Thursday, November 09, 2017

True Revival

Would we think of calling a doctor before we were sick? Do we urge people who are well and strong to hasten to the physician? Does the man who is swimming well beseech those on the shore to come and save him? Certainly, not!  But let sickness come, and at once we feel our need and a doctor is called. We know that we require a remedy. When we feel ourselves sinking below the surface, and realise that we are drowning, we will then soon call for help, and oh, the agony through which we pass as we find ourselves going down and know that unless someone saves us, we are lost and must perish!

So it is with a perishing soul. When a man is convicted of his lost condition he will cry out in anguish of heart: "What must I do to be saved?' He will need no urging, no coaxing; it is a matter of life and death to him, and he will do anything to be saved.'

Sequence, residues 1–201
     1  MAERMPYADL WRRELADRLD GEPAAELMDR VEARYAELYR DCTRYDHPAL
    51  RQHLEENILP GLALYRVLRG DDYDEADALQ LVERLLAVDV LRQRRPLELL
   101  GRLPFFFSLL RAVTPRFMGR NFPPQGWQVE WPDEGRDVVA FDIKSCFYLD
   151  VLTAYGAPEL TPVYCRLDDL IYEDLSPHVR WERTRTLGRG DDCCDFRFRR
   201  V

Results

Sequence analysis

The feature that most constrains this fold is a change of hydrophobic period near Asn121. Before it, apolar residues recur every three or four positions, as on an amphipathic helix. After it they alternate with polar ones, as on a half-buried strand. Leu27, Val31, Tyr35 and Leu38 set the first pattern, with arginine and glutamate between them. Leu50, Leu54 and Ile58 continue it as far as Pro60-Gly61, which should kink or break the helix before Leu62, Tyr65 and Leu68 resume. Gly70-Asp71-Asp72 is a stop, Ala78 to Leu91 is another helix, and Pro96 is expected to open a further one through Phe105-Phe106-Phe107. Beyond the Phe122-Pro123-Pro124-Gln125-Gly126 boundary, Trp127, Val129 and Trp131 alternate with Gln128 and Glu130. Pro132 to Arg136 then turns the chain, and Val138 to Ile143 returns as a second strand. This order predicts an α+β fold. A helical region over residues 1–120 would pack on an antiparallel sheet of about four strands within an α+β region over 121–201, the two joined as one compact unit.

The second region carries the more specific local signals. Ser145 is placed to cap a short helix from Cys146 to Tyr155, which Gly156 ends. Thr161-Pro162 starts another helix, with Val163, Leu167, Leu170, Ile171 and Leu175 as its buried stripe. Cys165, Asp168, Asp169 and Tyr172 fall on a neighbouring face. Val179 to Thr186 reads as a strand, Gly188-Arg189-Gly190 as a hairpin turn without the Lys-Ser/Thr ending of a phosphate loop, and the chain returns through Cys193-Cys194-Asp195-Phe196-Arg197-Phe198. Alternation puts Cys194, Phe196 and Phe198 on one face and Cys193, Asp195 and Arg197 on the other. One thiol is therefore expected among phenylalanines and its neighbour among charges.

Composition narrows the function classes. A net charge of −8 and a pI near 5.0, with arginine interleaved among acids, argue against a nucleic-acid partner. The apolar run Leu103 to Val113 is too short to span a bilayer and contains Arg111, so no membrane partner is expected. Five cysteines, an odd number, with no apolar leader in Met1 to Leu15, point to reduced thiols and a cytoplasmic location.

.....'A revival always includes conviction of sin on the part of the church. Backslidden professors cannot wake up and begin right away in the service of God without deep searchings of heart. The fountains of sin need to be broken up. In a true revival, Christians are always brought under such conviction; they see their sins in such light that often they find it impossible to maintain a hope of their acceptance with God. It does not always go to that extent, but there are always, in a genuine revival, deep convictions of sin, and often cases of abandoning all hope'

Charles Finney

Quotes from 'The Revival we Need', p 45, 52 

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